Abbi Jacobson and Ilana Glazer’s crass, absurdist ode to female friendship emerged as one of 2015’s most consistently surprising and heartfelt comedies. Broad City made waves when it debuted last year for the infectious chemistry between its leading ladies, and its frank depiction of their stoner antics. But Broad City is more than just a gender-swapped Judd Apatow comedy—the beating heart of this sitcom has always been the joyful celebration of these two imperfect women. The show widened its scope and increasingly spotlighted its side characters in its confident second season, with hilarious results. Hannibal Burress is a particular highlight as Ilana’s long-suffering, deadpan dentist friend with benefits. Whether it’s meeting the elusive, diamond-loving Val in “Hashtag FOMO” or dealing with the fallout of loss and the perils of pegging in “Knockoffs”, the women of Broad City faced every challenge in their surreal version of New York with the power of sisterhood, and a shit-ton of marijuana. Talk about #friendship goals.—Natasha Gatian

 

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THE CARMICHAEL SHOW

Cast: Jerrod Carmichael, Amber Stevens West, LilRel Howery

(NBC)

The Carmichael Show
The Carmichael Show


NBC’s The Carmichael Show is from the millennial mind of comedian Jerrod Carmichael. With just six episodes in Season 1, the half-hour show has already covered a huge amount of controversial ground without devolving into classic black stereotypes or traditional sitcom tropes. Jerrod and his girlfriend, Maxine (Amber Stevens West), face modern issues with Generation Y attitude: should they have a gun in the house, should they celebrate a birthday or skip it for a Black Lives Matters protest, should they teach their parents to eat healthier food, should they go to church, and so on. Jerrod’s parents, played by David Alan Grier and Loretta Devine (two absolute institutions in the black acting community) steal the show, as they always do. Not only worth watching, but worthy of water cooler conversation at work the day after.—Megan Volpert

 

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CHEF’S TABLE

Cast: Dan Barber, Massimo Bottura, Bill Buford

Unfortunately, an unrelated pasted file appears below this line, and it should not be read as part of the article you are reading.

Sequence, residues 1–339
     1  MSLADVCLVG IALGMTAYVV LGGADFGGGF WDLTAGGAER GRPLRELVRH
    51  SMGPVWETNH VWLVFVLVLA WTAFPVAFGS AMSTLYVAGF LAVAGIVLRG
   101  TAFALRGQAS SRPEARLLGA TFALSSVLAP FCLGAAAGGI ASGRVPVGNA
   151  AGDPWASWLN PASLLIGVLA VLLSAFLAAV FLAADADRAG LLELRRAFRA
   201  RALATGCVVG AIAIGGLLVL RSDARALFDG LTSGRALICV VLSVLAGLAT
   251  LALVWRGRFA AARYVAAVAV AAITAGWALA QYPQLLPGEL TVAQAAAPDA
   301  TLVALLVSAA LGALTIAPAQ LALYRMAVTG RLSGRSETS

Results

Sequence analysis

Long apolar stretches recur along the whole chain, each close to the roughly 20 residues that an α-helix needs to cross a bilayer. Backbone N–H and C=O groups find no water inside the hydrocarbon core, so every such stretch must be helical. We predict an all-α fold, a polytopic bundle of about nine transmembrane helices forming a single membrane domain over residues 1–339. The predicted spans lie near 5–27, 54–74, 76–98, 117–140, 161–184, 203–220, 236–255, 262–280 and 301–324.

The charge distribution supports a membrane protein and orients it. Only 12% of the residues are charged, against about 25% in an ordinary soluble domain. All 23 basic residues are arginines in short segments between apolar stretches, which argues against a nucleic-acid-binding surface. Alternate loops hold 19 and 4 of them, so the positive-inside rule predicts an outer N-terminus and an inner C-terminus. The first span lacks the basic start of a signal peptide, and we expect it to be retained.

(Netflix)

Chef’s Table
Chef’s Table


Chef’s Table is the anti-cooking show. Rather than focus on recipes, the Netflix original series treats the chefs like auteurs, and persuasively argues that their personal lives influence their craft. Their meals aren’t to be devoured; they’re to be deified. The first season of the series features six accomplished chefs from around the world, including Italy’s controversial postmodernist Massimo Bottura and the US’s farm-to-table pioneer Dan Barber. My favorite is Argentinian master Francis Mallmann, whose use of Patagonian fire is presented as a spiritual experience. Like the great transcendentalists before him, Mallmann finds purpose in nature, and has no patience for the conventions of society. Another stand-out is kaiseki chef Niki Nakayama, a Japanese-American who candidly reflects on the difficulties of being a woman in a male dominated industry. Chef’s Table is an essential series about the importance of individual expression. With luck, it will pressure the Food Network to spice up its programming schedule.—Jon Lisi

 

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DOCTOR WHO

Cast: Peter Capaldi, Jenna Coleman

(BBC)

Review [12.Apr.2006]

Doctor Who
Doctor Who


In Steven Moffat, the BBC found a show runner who understands that Doctor Who is really the story of the companion’s journey, and her influence on the Doctor, not the other way around. Series nine found the Doctor (Peter Capaldi) and doe-eyed companion Clara Oswald (Jenna Coleman) squaring off with the Doctor’s arch-frenemy, The Master, played with manic relish by Michelle Gomez. We also find the Doctor effectively engaged with his other existential nemesis, Davros (Julian Bleach), the creator of the dreaded Daleks. The action is swift and off-kilter, with plots that often twist the mind as much as they play with emotions. Clara Oswald recovers from the loss of love-interest Danny Pink (Samuel Anderson), and ultimately, helps the Doctor recover from her. Viewers will find Oswald the counterweight to Capaldi’s impetuous incarnation. Regular guest star Maisie Williams, the Doctor-made immortal Ashildr/Me, a sometime companion, challenges the Doctor with a historical perspective nearly as profound as his own.—Daniel Rasmus